For all of you honest citizens who kindly remind us criminals how we shouldn’t be downloading copyrighted materials: Thanks so much. However, what you don’t seem to get is, this isn’t just about being able to get free music or movies or whatever. This is about your right to privacy. IT IS NO BUSINESS OF THE MPAA OR THE RIAA WHAT I’M DOWNLOADING OR NOT DOWNLOADING. They are corporate lobbying groups, not government law-enforcement agencies. Is it my right to download their content? No. But more importantly, is it their right to monitor what a private citizen of the U.S. (or any country, for that matter) does with an Internet connection that he/she pays for? That is an even bigger NO. And that is what is at stake here. I’m all for the FBI being able to catch terrorists, sickos, and whatnot, but the FBI is not the RIAA or MPAA. You seem to think people like Wolverine blind and unreasoning. Perhaps. But you are just as bad in your own way. Maybe worse. Because you’re willing to bend over for the RIAA/MPAA and let your rights go down the river. Maybe Wolverine is not willing to listen to reason. But neither are you. And given the choice of two extremes, I’d rather be in his camp than yours. Is downloading copyrighted material wrong? Yes. Does it mean I cost the copyright owner money? Yes, if I download something that I’d have otherwise purchased to get. But put this wrong against what the RIAA/MPAA/their ilk want, to look over your shoulder at everything you download, whether copyrighted or not, just in case it is, and you get a nice police state where big brother (in this case corporations) are watching you. Maybe you don’t mind living in such a state, but I (and I’m sure many others) do. So while you’re standing on your high-horse, holier-than-thou pedestal, preaching at Wolverine, you might want to keep in mind that some of the people that have issues with P2P monitoring and the tactics of the media companies (and their hired thugs) might not only have them because they want free stuff. It’s a bigger issue than that. Copyright owners rights protect them, the copyright owners. The rights of the Individual protect EVERYONE, that’s why they should take precedence. When things like the Patriot Act went through congress in the wake of the terrorist bastards attack on the New York, the RIAA tried to glom their provisions onto this type of legislation, under the guise of fighting terrorism. Fortunately, they were caught in the act of this disgusting bit of opportunistic self-serving and their provisions were yanked. But this should give one some perspective into the character of the people behind these groups. Their ends do not justify their means. And it is because of shortsighted arguments (you sound like the kid who used to tell on the others in school) that these groups have gotten as far as they have. Where is the morality in buying the law? The one who has the most money gets his/her way? Why do you think so many have pushed for campaign reform? Maybe allowing corporations to give money to congressman isn’t such a good idea… Gee, do ya think maybe those corporations give money in hopes of getting something back? Like maybe a congressman who votes the way the corporate money wants them to? Huh, could that happen? No one is asking you to condone stealing, but another way has to be found. The RIAA/MPAA stance is just big money further eroding what rights you, the individual, have left. And you can argue their points for them, but they probably don’t need your help. But I’m sure they appreciate it. Maybe Congress should vote for their constituencies, that’s why they’re supposed to be in office. Maybe I could tell them this, but I don’t have the $100 per-plate fund-raising fee they want to have lobbyists (like the RIAA/MPAA) join them to discuss it over breakfast. But luckily, Hilary Rosen (or her replacement) and lifetime politician Jack Valenti (who has been hanging around Washington at least since Nixon) have the money (we gave it to them), so we’ll just trust them to have our best interests at heart. Valenti in particular once infamously likened the VCR/consumer to the Boston strangler/woman alone scenario. And now VCR/DVD makes up over half of Hollywood’s revenue. Hmmm. And this is the guy who is trying to shape the future of consumer choice. It’s all about control. They have it (or had it) and they want to maintain the status quo. P2P is a perceived threat, so they let their money persuade Congress to allow privacy rights to be trampled. And man, this post is way too long so I’m going to try and wrap it up. Especially since some may not like it, and for all I know, they might have repealed the Right of Free Speech by tagging the repeal onto the tail end of some legislation about Congress giving itself a pay raise and letting it pass into law by ignoring it, thereby not having gone on the Congressional record as having voted to give themselves a raise. Wow, can these people cover themselves or what? - And by the way, Alimoniumfood, your statement of “This is why alot of people caught do end up going to jail; because they cannot prove otherwise and cannot run away from the truth in the court room.” is all well and good, except that the United States, believe it or not, was founded on the principal of “Innocent until proven guilty”. The accused should not HAVE to prove otherwise or else go to jail. The burden of proof is on the prosecution. Maybe the Founding Fathers had the right idea in mind. Not that they’d recognize the country anymore. I don’t expect you to appreciate this right until it’s your ass that they want to send to jail, where you can meet your new boyfriend. Then you’ll be screaming for every right you can get. Again, this rant is not about condoning piracy; it’s about standing up for rights that are yours, and not letting corporations sell them out from under you. But it’s nice to know we have people such as yourself to point out how wrong downloading copyrighted material is, and how selfish all of us that do it are. Where will they house the millions of us with an illegal MP3 on our hard drives? When millions of people are breaking the law, maybe it’s time to start looking at whether it should be a law in the first place. And before you bother to say it, no, if you take that argument to it’s logical conclusion, I am not saying that if everyone decided to start stealing cars or assaulting people then these acts should not be considered criminal. Millions of people speed everyday, and they pay fines. But do those fines make the highways any safer? Or keep the offender from ever speeding again? Probably not. But they do make money for states, counties and townships. And maybe that’s the point of the ticket. Wolverine won’t see your point. But neither are you willing to see his. But Valenti, Rosen and company certainly like your sensible attitude. Now if only the rest of us would fall in line and start paying for all the content we have, even if we wouldn’t have bought it in the first place, if the only option was paying an illegal fixed-price for it. But the record companies wouldn’t do that to us. They’re as honest as the day is long. Too bad they don’t think the same about their customers. That’s you and me, by the way. Or we used to be. :c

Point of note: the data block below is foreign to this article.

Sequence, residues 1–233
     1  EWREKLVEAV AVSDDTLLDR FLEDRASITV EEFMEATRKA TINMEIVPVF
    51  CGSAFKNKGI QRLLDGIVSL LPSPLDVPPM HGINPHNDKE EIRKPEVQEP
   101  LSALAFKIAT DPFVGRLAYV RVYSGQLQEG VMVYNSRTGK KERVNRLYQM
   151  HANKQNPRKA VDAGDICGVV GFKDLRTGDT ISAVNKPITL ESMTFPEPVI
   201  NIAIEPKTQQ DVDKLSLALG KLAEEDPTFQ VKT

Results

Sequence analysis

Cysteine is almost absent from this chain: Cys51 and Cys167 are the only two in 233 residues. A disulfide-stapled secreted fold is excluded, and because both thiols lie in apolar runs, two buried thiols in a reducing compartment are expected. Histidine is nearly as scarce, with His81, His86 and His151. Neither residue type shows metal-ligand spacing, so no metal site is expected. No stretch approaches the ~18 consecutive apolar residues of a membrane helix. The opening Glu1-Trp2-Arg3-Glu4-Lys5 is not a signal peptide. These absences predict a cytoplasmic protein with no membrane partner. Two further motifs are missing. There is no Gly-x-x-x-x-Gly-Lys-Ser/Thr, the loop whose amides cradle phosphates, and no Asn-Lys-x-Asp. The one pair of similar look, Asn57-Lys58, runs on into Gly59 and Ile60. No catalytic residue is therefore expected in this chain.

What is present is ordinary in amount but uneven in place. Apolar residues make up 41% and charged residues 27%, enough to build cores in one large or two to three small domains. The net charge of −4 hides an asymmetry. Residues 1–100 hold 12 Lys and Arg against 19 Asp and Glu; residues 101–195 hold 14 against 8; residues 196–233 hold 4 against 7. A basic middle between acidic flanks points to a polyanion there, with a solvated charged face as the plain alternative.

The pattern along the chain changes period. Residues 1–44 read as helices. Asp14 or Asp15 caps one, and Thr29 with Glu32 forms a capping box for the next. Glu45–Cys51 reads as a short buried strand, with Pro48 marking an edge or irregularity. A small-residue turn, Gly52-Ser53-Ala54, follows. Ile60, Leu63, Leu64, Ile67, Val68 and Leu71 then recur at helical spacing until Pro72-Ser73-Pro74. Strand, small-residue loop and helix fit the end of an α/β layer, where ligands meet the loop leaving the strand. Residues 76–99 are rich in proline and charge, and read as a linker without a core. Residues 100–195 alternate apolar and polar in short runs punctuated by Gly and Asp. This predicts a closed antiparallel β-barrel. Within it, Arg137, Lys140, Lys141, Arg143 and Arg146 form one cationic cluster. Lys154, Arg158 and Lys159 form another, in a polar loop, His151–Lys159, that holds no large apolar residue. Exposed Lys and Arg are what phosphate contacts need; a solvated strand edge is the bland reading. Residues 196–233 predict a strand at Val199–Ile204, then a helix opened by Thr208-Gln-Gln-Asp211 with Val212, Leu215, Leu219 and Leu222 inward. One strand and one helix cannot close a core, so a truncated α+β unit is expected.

Actually… the presumption of guilt is a foundation of all law, not a foundation of America. See: Presumption of Innocence in Medieval Canon Law [on google, a law website, or ask an info broker, but it’ll cost ya] Anyway… Forbes once said [and I paraphrase] “Maybe it’s not all bad that lots of us don’t feel so dedicated to our respective faiths that we’re willing to persecute those not sharing our brand of Enlightenment.” Ah… to be enlightened in such a way as to absolve oneself of criminal activity. Regardless of the idiocy of some people reacting to articles [some for no reason at all but to see their name up as ‘first’] my reaction is that anything that helps disable the DMCA is great. I doubt it will go anywhere… but its great all the same.